The opinion of the court was delivered by: Gregory G. Hollows United States Magistrate Judge
FINDINGS & RECOMMENDATIONS
Defendants Michelle Cabesas and Leticia Edillo, proceeding pro se, filed on November 19, 2010 a Notice of Removal of an unlawful detainer action filed against them in state court. Plaintiff Fannie Mae has now filed a motion to remand and request for attorneys' fees and costs. Defendants have not filed an opposition.*fn1 After reviewing the motion, the court recommends that the case be remanded to state court.*fn2
Defendants Cabesas and Edillo were sued in state court in an unlawful detainer action for their refusal to quit and deliver possession of residential real property purchased by plaintiff at a non-judicial foreclosure sale.
Defendants filed the instant petition for removal, alleging that the foreclosure sale was "improper and illegal," and therefore violated the Truth in Lending Act, the Real Estate Settlement Procedures Act, and state law, which they claim provides the court with federal question jurisdiction. Defendants also allege diversity jurisdiction.
I. Federal Question and Diversity Jurisdiction
A district court has an independent duty to examine its own jurisdiction and remand a removed action "since removal is permissible only where original jurisdiction exists at the time of removal or at the time of the entry of final judgment ...." Sparta Surgical Corp. v. National Ass'n. of Securities Dealers, Inc., 159 F.3d 1209, 1211 (9th Cir. 1998), quoting Lexecon, Inc. v. Milberg Weiss Bershad Hynes & Lerach, 523 U.S. 26, 43, 118 S. Ct. 956, 966 (1998); FW/PBS, Inc. v. City of Dallas, 493 U.S. 215, 229, 110 S. Ct. 596, 606-07 (1990); Harris v. Provident Life and Acc. Ins. Co., 26 F.3d 930, 932 (9th Cir. 1994).
Removal jurisdiction statutes are strictly construed against removal. See Libhart v. Santa Monica Dairy Co., 592 F.2d 1062, 1064 (9th Cir. 1979). "Federal jurisdiction must be rejected if there is any doubt as to the right of removal in the first instance." Gaus v. Miles, 980 F.2d 564, 566 (9th Cir. 1992). "The burden of establishing federal jurisdiction falls on the party invoking removal." Harris v. Provident Life and Accident Ins. Co., 26 F.3d 930 (9th Cir.1994) (quoting Gould v. Mut. Life Ins. Co. of New York, 790 F.2d 769, 771 (9th Cir.1986)).
A plaintiff may bring suit in federal court if his claim "arises under" federal law. 28 U.S.C. § 1331. In that situation, the court has original jurisdiction. A defendant cannot invoke the federal court's original jurisdiction. But he may in some instances invoke the court's removal jurisdiction. The requirements to invoke removal jurisdiction are often identical to those for invoking its original jurisdiction. The requirements for both relate to the same end, that is, federal jurisdiction.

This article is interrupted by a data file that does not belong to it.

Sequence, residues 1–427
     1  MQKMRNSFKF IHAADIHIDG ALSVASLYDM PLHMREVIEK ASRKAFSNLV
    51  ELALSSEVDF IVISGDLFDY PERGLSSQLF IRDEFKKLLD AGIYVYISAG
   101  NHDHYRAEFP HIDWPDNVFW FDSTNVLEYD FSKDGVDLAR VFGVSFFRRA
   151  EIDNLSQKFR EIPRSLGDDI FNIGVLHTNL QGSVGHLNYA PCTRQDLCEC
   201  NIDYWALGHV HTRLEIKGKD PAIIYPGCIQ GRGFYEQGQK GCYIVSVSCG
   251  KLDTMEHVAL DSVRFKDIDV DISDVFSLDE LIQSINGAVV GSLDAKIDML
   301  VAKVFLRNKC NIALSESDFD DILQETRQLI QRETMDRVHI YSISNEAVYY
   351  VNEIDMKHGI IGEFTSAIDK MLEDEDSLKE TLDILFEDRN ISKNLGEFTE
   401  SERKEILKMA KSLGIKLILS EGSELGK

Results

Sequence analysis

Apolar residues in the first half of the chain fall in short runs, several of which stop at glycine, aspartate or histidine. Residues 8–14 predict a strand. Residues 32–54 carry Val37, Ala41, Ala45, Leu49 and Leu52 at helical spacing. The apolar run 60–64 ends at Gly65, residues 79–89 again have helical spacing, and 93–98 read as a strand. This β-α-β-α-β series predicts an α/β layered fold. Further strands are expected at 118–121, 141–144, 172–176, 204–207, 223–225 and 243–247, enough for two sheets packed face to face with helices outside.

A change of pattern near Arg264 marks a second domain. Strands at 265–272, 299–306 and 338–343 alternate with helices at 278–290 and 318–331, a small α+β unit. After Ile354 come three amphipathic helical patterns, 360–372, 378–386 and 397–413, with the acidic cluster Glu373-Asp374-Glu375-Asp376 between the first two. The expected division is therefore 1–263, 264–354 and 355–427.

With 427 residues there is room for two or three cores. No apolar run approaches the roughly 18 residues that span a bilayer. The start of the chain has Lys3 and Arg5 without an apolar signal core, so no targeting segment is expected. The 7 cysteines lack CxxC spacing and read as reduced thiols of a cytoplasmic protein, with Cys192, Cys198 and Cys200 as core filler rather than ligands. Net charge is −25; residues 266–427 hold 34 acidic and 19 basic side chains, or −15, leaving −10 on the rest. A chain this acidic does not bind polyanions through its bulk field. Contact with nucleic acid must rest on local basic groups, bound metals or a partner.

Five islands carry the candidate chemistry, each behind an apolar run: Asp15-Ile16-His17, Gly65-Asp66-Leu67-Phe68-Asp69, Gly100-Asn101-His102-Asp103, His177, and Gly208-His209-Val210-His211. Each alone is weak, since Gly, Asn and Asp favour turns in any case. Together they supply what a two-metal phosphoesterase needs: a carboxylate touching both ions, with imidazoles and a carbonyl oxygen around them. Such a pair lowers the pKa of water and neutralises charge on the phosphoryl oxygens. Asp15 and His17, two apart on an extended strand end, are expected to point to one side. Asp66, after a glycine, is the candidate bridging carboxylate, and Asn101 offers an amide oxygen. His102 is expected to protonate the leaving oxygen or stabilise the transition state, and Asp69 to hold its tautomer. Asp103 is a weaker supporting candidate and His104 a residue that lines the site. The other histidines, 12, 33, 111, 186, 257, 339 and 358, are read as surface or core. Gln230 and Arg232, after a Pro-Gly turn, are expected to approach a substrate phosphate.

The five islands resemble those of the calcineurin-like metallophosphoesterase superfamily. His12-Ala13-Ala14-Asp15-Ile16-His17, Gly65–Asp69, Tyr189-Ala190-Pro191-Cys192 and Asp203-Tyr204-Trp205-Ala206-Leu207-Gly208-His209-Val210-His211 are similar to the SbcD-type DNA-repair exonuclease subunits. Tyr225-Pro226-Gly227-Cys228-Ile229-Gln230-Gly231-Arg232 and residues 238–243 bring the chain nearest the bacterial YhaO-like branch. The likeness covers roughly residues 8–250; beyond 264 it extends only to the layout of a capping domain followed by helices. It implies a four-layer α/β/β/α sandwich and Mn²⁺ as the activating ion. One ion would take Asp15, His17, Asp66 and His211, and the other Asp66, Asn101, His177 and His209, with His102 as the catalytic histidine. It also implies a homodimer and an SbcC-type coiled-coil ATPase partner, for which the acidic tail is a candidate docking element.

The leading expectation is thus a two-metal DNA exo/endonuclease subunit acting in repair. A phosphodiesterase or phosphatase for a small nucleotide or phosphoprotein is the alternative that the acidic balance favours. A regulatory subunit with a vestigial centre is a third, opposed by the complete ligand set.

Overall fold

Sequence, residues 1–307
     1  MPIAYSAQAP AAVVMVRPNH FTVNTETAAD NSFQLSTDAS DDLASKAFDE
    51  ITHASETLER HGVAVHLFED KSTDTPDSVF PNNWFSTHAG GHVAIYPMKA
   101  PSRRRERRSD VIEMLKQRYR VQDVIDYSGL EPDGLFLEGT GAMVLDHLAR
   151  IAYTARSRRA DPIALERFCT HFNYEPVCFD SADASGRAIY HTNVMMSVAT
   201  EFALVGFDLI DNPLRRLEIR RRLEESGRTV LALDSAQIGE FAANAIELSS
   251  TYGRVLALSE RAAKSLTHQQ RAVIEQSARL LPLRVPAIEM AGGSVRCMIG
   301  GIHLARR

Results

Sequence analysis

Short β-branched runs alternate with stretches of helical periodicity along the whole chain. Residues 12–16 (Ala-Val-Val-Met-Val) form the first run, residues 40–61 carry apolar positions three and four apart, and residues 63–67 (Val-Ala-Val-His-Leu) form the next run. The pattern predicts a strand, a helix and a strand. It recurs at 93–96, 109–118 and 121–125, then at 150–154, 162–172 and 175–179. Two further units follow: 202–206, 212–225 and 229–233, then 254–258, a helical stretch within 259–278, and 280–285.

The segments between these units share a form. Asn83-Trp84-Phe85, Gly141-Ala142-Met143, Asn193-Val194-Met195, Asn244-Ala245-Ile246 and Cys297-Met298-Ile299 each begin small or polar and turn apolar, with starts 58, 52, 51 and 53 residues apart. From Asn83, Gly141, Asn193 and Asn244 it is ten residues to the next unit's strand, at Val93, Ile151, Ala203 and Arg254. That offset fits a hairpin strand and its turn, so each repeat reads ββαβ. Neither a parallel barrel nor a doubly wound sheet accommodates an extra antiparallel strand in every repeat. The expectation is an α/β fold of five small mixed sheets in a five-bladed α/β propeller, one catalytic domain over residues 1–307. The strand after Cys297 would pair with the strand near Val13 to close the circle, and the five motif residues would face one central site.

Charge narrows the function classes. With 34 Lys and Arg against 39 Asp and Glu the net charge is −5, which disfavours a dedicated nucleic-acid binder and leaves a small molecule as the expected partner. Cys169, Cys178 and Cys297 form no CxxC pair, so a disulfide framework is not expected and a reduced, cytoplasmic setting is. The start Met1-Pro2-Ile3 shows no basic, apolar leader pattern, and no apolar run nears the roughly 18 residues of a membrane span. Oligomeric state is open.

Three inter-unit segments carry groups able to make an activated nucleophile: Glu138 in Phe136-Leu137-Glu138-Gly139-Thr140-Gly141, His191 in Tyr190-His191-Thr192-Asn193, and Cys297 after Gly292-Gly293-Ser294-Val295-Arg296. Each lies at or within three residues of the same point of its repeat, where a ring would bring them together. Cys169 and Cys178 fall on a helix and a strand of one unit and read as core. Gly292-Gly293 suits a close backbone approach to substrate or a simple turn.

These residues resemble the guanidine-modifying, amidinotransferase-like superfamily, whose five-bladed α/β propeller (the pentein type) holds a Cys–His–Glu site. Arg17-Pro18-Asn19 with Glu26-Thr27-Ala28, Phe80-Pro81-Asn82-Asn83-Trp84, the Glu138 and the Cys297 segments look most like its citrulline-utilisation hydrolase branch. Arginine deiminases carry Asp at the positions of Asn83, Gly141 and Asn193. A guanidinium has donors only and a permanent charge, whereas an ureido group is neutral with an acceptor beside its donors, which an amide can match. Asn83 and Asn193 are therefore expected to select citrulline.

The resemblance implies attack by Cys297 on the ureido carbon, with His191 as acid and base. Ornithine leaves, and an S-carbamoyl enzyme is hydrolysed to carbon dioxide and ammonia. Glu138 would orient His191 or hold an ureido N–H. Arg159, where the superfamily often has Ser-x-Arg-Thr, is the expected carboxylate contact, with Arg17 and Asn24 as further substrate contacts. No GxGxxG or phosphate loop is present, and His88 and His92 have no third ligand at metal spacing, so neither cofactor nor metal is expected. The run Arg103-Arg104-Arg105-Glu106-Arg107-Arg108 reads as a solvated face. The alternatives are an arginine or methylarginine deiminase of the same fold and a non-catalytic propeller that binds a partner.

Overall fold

Removal of a state court action is proper only if it originally could have been filed in federal court. 28 U.S.C. § 1441. "[F]ederal courts have jurisdiction to hear, originally or by removal, only those cases in which a well-pleaded complaint establishes either that federal law creates the cause of action, or that the plaintiff's right to relief necessarily depends on resolution of a substantial question of federal law." Franchise Tax Board v. Construction Laborers Vacation Trust, 463 U.S. 1, 27-28, 103 S. Ct. 2841, 2855-56 (1983). Mere reference to federal law is insufficient to permit removal. See Smith v. Industrial Valley Title Ins. Co., 957 F.2d 90, 93 (3d Cir. 1992). A defense to an action, based on constitutional rules of general applicability, is not a sufficient basis to remove an action to federal court. See id.; Berg v. Leason, 32 F.3d 422, 426 (9th Cir. 1994) ("[N]either an affirmative defense based on federal law . . . nor one based on federal preemption . . . renders an action brought in state court removable."). Defendants Cabesas and Edillo have not shown that they are unable to raise their federal constitutional rights in state court.
This court has no jurisdiction over unlawful detainer actions which are strictly within the province of state court. Defendants' apparent attempt at creating federal subject matter jurisdiction by simply adding claims or defenses to a petition for removal will not succeed. See Catee v. Capital One, F.S.B. 479 F.3d 1143, 1145 (9th Cir. 2007) (even previously asserted counterclaims raising federal issue will not permit removal).
Defendants' assertion of diversity jurisdiction also fails because according to Fannie Mae, the amount of holdover damages requested is less than $26,000, and ...